Annotated Bibliographies & Literature Reviews

What is a literature review? What is it used for?

A literature review isn’t a book review—it’s a summary of information and analysis concerning a particular topic. Sources in a literature review are not restricted to scholarly articles and books; materials such as newspapers, government reports, and working papers can also be included. Consulting literature reviews is a helpful step before embarking on a research project, as they provide a large amount of relevant information in one resource. By writing a literature review, you will build a foundation for your research, introduce your question and clarify what your research will add to the field.

What do I need to write a literature review?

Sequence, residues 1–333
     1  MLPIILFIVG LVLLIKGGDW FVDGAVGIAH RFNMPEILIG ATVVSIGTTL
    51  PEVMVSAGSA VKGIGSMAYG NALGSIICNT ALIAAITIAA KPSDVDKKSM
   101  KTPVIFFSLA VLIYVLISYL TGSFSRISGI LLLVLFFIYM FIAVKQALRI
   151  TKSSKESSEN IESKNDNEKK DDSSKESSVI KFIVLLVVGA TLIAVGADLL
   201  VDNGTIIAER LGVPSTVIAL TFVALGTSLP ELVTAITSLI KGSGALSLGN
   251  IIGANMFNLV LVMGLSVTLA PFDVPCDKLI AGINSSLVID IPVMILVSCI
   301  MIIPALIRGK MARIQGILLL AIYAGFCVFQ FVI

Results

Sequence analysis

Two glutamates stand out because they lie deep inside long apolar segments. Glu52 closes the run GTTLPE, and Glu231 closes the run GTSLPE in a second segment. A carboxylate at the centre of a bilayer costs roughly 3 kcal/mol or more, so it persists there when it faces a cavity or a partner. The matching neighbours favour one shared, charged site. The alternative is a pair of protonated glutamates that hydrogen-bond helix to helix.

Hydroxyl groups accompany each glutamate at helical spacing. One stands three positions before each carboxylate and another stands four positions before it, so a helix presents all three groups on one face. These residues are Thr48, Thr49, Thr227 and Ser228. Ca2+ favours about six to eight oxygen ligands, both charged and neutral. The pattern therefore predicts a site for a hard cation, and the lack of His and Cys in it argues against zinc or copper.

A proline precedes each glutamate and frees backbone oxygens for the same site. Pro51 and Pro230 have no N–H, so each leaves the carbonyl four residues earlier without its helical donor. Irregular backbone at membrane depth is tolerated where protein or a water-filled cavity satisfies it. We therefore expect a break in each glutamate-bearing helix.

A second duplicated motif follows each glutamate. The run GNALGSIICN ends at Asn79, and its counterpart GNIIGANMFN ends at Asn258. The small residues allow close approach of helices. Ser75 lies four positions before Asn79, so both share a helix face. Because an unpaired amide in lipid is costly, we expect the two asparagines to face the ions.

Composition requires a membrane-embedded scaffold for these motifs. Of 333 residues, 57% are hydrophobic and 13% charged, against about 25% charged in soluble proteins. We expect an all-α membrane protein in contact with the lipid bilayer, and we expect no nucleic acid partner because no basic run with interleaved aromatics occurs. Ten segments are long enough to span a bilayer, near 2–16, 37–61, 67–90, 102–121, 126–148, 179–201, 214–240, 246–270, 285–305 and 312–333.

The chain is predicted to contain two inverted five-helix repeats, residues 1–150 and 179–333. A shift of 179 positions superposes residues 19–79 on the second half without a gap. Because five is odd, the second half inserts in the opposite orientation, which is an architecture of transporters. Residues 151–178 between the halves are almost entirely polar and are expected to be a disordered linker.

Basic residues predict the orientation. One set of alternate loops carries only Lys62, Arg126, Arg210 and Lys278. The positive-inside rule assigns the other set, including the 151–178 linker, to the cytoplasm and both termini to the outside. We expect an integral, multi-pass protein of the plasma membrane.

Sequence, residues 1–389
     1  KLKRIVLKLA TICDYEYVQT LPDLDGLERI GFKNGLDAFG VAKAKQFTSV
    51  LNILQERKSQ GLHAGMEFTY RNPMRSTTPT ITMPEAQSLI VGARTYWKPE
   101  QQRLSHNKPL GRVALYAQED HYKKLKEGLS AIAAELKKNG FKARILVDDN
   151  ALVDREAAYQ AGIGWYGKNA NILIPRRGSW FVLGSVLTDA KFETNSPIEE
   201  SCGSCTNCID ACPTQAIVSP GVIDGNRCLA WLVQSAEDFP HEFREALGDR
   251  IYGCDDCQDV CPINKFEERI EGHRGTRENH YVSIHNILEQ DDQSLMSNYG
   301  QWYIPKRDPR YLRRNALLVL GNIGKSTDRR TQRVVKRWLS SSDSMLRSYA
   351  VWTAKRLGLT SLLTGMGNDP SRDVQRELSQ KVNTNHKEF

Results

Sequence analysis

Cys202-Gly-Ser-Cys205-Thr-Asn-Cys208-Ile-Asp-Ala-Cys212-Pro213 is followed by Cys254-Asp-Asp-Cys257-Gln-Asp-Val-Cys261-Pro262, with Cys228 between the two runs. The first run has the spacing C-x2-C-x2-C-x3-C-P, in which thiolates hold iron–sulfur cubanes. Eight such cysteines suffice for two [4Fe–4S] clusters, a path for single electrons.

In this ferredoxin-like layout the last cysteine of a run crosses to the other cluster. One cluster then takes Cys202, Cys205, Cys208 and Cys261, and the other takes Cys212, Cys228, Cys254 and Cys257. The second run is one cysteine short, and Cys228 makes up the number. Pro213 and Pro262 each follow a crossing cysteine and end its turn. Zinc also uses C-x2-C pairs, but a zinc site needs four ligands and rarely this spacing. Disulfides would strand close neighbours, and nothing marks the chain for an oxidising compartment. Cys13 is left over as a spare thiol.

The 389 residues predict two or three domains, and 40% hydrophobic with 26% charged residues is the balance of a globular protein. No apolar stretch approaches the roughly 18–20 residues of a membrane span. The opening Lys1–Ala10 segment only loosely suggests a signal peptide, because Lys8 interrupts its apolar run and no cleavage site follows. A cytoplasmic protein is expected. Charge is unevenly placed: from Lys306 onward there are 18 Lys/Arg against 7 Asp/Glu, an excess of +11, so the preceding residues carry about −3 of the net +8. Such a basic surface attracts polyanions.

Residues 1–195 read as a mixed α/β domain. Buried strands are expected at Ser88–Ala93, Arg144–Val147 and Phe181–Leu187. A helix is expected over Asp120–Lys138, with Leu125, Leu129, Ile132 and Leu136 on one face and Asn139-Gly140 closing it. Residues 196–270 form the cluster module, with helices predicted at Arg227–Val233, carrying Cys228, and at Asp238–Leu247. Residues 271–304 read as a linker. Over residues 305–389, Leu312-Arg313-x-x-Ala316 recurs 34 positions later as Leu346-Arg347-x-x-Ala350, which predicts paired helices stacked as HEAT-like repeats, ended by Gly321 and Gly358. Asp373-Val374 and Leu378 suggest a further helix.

You’ll need several sources to draw on—whatever you’ve found that has been useful in your preliminary research process. Your instructor may provide a recommended range or at least a minimum number of sources to include.

How do I get started?

Every literature review is different. You’re adding a new perspective to the conversation and demonstrating where it fits among the perspectives that have some before. Organize your research by topic, argument, or however makes sense for your project—you can always ask your instructor for guidance, or schedule an appointment with a librarian.

Further Resources